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Stagg student is medical-minded

CarsSmith plans attend an Ivy League school. | Supplied phoby Laurel DeGonia

Carson Smith plans to attend an Ivy League school. | Supplied photo by Laurel DeGonia

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Updated: August 18, 2014 2:11AM



Carson Smith, a senior-to-be at Stagg High School in Palos Hills, seems to excel at everything she tries.

She has her sights set on attending an Ivy League college next year. Meanwhile, she’s busy adding credentials to her resume and helping people at the same time.

For the last two years, Smith, 17, has participated in a health sciences internship at Harvard University.

Two years ago, she contacted the Harvard School of Public Health and let them know that she was interested in medical research. That initiative earned her an invitation to come to Harvard for a three-week internship last June working in the epidemiology department.

“Our research looked at male medical professionals and whether their chances of getting prostate cancer was higher than the average male,” Smith said.

“I’m really interested not just in working with medicine but helping people in general, so I really loved how people in research are really helping a lot of people at once with a really big program,” she said.

She repeated the experience this year when she spent four weeks in June working in the epidemiology department.

“I researched studies relating to racial disparities in prostate cancer,” Smith said. “The prostate cancer research group is looking to start a new study by analyzing cohorts and the lower survival rate of African-American men from prostate cancer-specific mortality. Researching old studies, part of my job, aids in designing the new study model.”

She also aided the Health Professionals’ Follow-up Study by logging tissue samples and contacting medical facilities in order to obtain these samples.

“While last year I only obtained a basic understanding of prostate cancer research, this year I was able to get a more detailed look at the research process and have a more influential role in this process. I even had the chance to create my own abstract,” Smith said. “I loved the experience, but in the future, I’d rather work more with the actual patients. I’d rather work for people and be a doctor who can help with people going through not just the physical trauma but the emotional part, too.”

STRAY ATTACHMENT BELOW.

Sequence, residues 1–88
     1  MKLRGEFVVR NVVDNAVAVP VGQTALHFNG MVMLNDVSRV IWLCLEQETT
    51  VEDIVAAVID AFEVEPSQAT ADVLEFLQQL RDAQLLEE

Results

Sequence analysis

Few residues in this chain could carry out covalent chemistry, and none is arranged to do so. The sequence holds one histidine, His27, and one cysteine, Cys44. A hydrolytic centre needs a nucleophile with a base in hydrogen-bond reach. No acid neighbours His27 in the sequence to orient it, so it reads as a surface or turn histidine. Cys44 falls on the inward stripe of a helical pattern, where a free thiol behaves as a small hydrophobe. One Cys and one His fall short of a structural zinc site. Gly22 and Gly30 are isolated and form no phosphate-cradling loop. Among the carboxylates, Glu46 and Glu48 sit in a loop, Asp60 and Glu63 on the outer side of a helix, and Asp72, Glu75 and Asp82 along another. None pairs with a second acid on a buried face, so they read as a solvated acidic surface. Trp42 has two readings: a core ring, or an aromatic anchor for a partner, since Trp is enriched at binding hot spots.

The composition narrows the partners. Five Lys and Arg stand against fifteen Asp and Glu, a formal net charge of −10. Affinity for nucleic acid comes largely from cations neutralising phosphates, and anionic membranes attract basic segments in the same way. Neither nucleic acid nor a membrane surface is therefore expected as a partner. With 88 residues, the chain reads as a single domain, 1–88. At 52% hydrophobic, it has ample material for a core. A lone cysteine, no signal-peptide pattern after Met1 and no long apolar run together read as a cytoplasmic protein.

She had no sooner returned home when she packed her bags and left for Dartmouth College, where she attended College Horizons, a Native American writing and college preparation program to which she was accepted.

In addition, she regularly visits the Czech Republic during the summers to teach English to children. She recently returned from her third trip, which is organized through the youth group at her church, Parkview Christian Church in Orland Park.

“They only speak Czech, so it is very hard for them to learn English. We have a great relationship with these kids,” she said.

At school, she has a grade-point average of 4.81 and participates in varsity cross country, varsity track, mathletes, National Honor Society, sports med club and Spanish Honor Society, and she volunteers with the St. Baldrick’s committee.

With this resume, she is determined to go to the college of her choice, whether it be an Ivy League school or one of her other choices, including Northwestern University, Georgetown University, the University of Illinois or the University of Chicago.

“I have never seen a more dedicated student,” Stagg Associate Principal Deb Baker said. “She has a big heart and truly enjoys everything she does.

“Carson doesn’t participate in all of her activities to fill up her transcript. She truly cares and wants to make a difference. Carson exhibits a level of maturity for a junior in high school that is unmatched.”

Smith, who is part Native American and has a Native American card for the Choctaw Tribe in Oklahoma, ultimately hopes to someday work in the medical field in a Native American community.

The daughter of Robert and Michelle Smith, of Palos Park, she said her father is her mentor.

“My dad, because he is a very patient person and he thinks things through,” she said. “He has certain characteristics that I’d like to achieve and he supported himself through college without a lot of family support, which is very inspiring. He’s a great father, very helpful and caring, and he inspired me to have a stronger relationship with God. So in all of those aspects he has contributed to the person I am today. He’s helping me get to where I want to be.

“My parents are really good at focusing me on my goals and being there for support, but more important, I want to have a real successful future and I know the benefits I will have if I give my all to school. I have good teachers, really good family and my youth group.”



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